by Ryan Sawtelle, Pepperdine University
(reprinted with permission)
Many of my close friends with whom I have engaged in political discourse know that I am no huge fan of President Bush – but I surely do not harbor immense hatred for the man that is seemingly present in the left.
My reasons for disliking George Bush would be the very same reasons to dislike Barack Obama had Barack been the one to make/not make such public policy decisions. Wrong is wrong no matter who says it is right. Bad policies, bad decisions, and improper inaction are just that – no matter what politician it is that is committing the fault.
I, like many others, am drawn to watch the Inauguration of Barack Obama on Tuesday – but I watch with unease. Unease that so many people who have championed his cause in the past year will be unable to be intellectually honest with themselves regarding the paths he chooses to take throughout his presidency – that is, anything to go right in these next 4-8 years should be credited to Obama and anything to go awry will be blamed on the policies of Bush without any proof or substantiation of either.
This isn’t all speculation.
In any matter of reasoning the result is contingent upon one’s premise. Only if the premise is steady within an argument can correct judgments be made.
Since Bush got into office I have heard outcries that President Bush is to blame for rising gas prices with nothing to substantiate such a claim. For the president to cause a rise or drop in gas prices he or she must enact a policy that affects the supply or demand of gasoline. Economic talk, even in the simplest of terms, is of no use to someone who decries a man because of immense dislike. Proof or any reasoning is useless to those who are ready to champion a certain cause in which they foster strong emotions.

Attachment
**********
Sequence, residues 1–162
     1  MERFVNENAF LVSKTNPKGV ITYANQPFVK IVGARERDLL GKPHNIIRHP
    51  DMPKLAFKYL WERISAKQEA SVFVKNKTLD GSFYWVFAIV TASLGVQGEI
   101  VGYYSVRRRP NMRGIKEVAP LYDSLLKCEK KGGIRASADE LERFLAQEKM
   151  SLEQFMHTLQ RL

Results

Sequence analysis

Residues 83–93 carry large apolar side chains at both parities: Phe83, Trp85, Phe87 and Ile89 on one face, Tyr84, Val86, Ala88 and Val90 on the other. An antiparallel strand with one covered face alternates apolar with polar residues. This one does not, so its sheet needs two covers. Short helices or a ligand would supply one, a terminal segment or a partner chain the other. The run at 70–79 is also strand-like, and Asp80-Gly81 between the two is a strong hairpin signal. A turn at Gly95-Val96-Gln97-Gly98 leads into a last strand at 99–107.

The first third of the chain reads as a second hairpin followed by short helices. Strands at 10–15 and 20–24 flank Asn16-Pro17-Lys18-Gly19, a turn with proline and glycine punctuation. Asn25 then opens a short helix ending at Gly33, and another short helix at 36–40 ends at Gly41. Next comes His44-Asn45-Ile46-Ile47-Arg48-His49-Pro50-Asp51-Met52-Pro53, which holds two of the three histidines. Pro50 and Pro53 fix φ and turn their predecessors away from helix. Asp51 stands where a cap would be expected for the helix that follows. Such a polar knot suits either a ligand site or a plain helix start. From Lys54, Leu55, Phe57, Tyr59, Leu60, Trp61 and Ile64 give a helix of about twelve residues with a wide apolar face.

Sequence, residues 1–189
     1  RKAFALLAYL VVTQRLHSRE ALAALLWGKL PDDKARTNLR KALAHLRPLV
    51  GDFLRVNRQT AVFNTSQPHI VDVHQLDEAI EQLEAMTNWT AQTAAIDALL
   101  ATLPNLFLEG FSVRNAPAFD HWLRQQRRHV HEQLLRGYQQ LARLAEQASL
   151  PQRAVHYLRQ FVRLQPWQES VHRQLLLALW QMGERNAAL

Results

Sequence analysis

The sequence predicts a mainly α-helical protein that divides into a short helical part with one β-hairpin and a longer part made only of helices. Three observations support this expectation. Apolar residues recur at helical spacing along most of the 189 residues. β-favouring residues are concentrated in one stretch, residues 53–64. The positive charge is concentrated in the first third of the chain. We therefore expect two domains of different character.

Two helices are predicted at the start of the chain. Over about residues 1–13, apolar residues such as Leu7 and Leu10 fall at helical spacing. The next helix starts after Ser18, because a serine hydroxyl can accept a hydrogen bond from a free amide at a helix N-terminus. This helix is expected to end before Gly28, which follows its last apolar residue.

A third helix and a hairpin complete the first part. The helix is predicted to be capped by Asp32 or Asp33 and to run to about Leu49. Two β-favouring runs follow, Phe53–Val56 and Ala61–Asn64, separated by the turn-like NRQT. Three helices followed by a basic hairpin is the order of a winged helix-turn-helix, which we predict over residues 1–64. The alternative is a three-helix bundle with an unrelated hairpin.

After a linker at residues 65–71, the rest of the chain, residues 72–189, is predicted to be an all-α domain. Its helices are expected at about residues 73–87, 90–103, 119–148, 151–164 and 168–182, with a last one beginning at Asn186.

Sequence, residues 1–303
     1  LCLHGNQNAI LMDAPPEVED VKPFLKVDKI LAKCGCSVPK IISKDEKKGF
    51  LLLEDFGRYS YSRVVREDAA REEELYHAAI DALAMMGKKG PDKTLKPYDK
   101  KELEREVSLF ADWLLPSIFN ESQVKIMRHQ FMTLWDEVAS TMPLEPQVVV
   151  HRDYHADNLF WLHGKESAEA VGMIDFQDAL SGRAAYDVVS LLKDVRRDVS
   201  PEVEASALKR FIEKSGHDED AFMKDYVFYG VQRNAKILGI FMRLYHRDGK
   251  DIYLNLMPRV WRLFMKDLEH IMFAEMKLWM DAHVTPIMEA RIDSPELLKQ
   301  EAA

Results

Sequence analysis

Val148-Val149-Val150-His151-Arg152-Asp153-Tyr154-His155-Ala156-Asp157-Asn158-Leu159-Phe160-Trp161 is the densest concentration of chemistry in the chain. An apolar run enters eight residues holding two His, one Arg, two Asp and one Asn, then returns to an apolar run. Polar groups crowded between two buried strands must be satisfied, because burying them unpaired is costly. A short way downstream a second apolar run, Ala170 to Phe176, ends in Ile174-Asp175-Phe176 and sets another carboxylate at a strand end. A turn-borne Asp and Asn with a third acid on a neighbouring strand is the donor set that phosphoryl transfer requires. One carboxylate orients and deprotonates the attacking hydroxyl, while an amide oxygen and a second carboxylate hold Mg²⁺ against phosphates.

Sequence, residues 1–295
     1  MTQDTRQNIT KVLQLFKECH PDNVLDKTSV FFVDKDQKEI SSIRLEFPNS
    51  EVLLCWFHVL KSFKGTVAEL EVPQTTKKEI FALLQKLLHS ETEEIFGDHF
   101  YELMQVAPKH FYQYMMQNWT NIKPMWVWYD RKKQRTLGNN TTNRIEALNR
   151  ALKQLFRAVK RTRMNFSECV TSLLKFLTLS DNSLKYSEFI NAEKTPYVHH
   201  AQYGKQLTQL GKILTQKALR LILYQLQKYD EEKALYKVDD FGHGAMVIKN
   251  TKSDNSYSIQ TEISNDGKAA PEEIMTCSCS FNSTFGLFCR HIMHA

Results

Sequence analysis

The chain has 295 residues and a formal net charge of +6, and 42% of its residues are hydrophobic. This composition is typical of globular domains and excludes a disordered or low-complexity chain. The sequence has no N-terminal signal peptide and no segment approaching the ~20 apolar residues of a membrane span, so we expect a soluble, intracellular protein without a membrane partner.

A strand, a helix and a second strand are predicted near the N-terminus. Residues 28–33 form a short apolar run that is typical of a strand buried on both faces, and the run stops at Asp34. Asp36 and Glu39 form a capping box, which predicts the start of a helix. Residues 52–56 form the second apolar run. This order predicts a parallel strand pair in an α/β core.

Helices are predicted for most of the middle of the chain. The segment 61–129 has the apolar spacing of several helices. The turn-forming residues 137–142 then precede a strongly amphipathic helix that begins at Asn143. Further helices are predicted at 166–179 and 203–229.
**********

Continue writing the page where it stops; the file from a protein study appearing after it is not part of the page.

Interestingly enough, gas prices have dropped to amazing lows in the past 6 months yet those who were eager to bash the President evermore as the prices continued to rise are the same ones that have been noticeably silent to voice their affirmation for the President for the drop in prices.
That is not intellectually honest. One cannot have it both ways.
Bush’s inauguration in 2005 was seen by the BBC, AP and various leftists to be too expensive. Democrat Anthony Weiner (NY) suggested the festivities should be “muted- if not canceled, in wartime.” Stating that “as a country we face huge deficits.” The Associate Press’s Will Lester alluded that the money would be better spent armoring Humvees in Iraq.
I agree. Private funds should be used for the full costs of inaugurations – not tax payer money.
Of the estimated $170 million cost of Obama’s inauguration $124 million of that will be paid by the tax-payers. Deficits are bigger in 2009 – armoring Humvees in Iraq would still be appreciated. If Lester or Weiner have continued their sentiments about inauguration expenditures, this time with Obama, I have missed them.
Obviously the left aren’t the only ones at fault. Those on the right commit such wrongdoings at a rapid clip themselves – but the amount of unbridled endorsement that Obama has received makes me weary that one may be blind and fluently accepting of bad policies.
My hope is that when tomorrow rolls around and Barack Obama is sworn in as the 44th President of the United States, that we will stand behind beside him and like so many did not do with President Bush and, when deserved, give President Obama credit where it is due and discredit when it is due.
…or we can just listen to Hannity or Maher and regurgitate rhetoric.
I choose the former.